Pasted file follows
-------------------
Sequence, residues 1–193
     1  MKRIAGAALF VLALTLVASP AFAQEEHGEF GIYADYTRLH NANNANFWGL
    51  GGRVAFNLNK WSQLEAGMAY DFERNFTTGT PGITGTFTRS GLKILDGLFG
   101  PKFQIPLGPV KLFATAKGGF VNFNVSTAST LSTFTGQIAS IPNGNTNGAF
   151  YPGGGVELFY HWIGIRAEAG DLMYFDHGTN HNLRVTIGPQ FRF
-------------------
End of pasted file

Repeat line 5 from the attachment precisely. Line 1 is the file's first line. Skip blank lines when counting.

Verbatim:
   151  YPGGGVELFY HWIGIRAEAG DLMYFDHGTN HNLRVTIGPQ FRF